George Clooney brings celebrity and focus on the Sudan to Council on Foreign Relations
When George Clooney shows up at the Council on Foreign Relations in Washington, D.C., a few predictable things happen.
For starters -- and most importantly, certainly -- he speaks at length about preventing more potentially deadly civil unrest in the Sudan, a time-sensitive concern given a January referendum that could split the north and south regions of the African nation.
He also charms his way through a crowd of eager hand-shakers while making his way to the front of the briefing room. And, not surprisingly for wonky Washington, his presence attracts a mix of policy makers, scholars, journalists and outright gawkers who each have different reasons for parking themselves in uncomfortable chairs to listen to an hour-long conversation about the nitty-gritty nuances of international diplomacy efforts.
Some make a point of noting how seriously they take the matters being discussed ("I actually write about this issue and the substance of it," says one reporter nearby) while others -- like the two ladies beside me arguing over exactly how tall Clooney is -- are unembarrassed to acknowledge they're here for the heartthrob. And surely there are those who count themselves in the "both of the above" category, like the statuesque redhead who works at a think tank yet confesses that she came principally to (her word) stalk the star of "Up in the Air." (That redhead shall remain nameless so that she may maintain her credibility at said think tank.)
Clooney -- who joined John Prendergast, co-founder of the humanitarian organization Enough, to take questions about their efforts to raise awareness about the situation in Sudan -- appealed to the celeb-watchers with occasional flashes of comedy, making goofy faces while his bio was read and cracking jokes about his two-time Sexiest Man Alive status.
But above all else, Clooney was, appropriately, in serious advocate mode, noting the promising nature of his meetings earlier in the day with members of Congress and President Obama while also emphasizing the urgency of what he characterized as a "ticking time bomb" situation in Sudan.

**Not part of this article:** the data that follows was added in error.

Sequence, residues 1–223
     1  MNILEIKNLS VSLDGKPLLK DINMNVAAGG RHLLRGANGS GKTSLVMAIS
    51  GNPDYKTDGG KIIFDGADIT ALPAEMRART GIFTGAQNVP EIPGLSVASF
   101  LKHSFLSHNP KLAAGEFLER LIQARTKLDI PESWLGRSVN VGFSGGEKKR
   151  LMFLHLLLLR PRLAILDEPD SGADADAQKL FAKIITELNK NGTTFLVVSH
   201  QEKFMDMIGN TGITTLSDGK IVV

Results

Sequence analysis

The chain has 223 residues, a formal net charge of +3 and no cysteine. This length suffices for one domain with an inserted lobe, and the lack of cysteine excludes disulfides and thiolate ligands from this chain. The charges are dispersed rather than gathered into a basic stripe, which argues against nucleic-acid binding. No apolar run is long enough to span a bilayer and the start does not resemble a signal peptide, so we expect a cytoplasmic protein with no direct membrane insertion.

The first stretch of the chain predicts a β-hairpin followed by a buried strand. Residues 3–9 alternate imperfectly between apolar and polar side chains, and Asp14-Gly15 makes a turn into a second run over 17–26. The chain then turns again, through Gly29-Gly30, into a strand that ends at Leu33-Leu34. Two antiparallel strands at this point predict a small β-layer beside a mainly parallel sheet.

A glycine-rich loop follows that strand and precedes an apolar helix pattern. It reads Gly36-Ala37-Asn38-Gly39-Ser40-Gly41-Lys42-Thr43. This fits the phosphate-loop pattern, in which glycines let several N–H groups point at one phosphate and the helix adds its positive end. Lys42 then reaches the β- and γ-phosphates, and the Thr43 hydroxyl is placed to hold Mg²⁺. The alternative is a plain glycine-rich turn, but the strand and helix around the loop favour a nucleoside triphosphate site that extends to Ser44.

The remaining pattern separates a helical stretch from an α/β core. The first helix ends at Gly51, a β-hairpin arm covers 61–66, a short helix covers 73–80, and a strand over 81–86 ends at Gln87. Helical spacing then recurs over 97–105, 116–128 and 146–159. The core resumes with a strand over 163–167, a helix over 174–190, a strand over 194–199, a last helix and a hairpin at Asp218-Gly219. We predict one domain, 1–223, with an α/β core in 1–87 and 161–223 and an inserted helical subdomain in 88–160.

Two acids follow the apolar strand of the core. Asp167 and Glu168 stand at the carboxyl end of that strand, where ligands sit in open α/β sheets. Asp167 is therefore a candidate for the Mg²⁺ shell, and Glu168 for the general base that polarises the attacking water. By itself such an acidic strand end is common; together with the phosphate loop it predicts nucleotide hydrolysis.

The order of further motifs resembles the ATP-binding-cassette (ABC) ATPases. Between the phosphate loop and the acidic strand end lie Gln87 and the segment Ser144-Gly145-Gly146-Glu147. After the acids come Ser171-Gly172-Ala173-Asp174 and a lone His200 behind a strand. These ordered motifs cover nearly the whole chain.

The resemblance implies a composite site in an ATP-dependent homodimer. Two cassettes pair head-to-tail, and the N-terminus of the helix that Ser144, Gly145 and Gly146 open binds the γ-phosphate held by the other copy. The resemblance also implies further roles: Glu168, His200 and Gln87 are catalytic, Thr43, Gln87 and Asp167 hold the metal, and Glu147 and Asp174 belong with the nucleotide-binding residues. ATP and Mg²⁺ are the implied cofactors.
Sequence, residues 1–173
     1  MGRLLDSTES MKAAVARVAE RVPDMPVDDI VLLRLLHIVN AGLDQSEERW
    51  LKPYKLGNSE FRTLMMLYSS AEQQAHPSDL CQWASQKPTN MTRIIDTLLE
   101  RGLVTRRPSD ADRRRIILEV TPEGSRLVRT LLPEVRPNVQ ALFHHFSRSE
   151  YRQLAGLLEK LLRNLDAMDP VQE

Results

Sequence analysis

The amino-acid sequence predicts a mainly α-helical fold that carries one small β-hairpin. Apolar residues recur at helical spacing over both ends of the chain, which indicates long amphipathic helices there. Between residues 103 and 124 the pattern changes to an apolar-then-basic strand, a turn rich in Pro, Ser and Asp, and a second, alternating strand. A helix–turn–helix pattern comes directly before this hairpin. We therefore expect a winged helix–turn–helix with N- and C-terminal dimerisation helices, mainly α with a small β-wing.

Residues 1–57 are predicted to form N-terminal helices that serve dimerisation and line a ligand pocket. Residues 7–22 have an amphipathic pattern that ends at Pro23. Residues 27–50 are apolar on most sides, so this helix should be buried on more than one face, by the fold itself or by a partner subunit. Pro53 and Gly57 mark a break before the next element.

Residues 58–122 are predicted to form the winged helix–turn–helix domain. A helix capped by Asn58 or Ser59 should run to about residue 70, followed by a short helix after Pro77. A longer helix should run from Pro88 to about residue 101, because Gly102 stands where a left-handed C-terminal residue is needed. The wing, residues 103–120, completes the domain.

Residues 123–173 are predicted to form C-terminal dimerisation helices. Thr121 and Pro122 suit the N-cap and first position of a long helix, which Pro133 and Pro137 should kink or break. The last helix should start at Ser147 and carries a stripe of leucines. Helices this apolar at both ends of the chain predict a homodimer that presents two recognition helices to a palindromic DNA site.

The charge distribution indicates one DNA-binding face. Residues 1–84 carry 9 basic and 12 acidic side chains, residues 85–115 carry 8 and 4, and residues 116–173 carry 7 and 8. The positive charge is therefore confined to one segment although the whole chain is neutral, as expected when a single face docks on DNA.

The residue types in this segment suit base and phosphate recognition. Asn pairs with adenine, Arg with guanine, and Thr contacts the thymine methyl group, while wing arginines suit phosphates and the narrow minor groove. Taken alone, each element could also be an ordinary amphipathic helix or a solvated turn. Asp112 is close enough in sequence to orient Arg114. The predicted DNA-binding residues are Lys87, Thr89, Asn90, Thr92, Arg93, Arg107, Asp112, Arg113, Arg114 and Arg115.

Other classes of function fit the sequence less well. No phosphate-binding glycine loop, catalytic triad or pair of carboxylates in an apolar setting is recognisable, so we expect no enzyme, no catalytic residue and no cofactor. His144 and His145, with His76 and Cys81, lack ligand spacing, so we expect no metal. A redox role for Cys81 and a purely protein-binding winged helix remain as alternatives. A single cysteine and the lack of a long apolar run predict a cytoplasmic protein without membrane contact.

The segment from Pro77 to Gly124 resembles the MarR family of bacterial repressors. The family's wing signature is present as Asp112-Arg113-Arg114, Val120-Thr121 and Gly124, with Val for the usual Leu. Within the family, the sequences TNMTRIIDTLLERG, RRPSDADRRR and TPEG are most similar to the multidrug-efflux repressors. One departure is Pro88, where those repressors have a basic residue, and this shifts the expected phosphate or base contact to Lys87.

"Obviously what this is going to require is diplomacy," he said during the briefing. "Robust, intricate, complicated diplomacy. But it also has to be done quickly. If we're going to avoid what we have seen happen twice before with the same players in the north, south and Darfur, we can't just sit back and think, well, if we just let it play out, maybe this time it will be better."
Of course, when any celebrity of Clooney's stature speaks out about a serious political issue, it's sometimes challenging for the average person -- as in, those of us who don't play a role in international negotiations -- to know what we can do about it. Clooney made a suggestion during his remarks: he encouraged citizens to visit Sudanactionnow.org and voice their support for efforts that will ensure peace in the region.
There's a good chance that members of Tuesday's audience from all three of our aforementioned categories -- the policy experts, the celeb stalkers and the "both of the aboves" -- may be exploring that Web site as we speak.
| October 13, 2010; 12:10 AM ET
Categories: Celebrities, Political Statement | Tags: George Clooney
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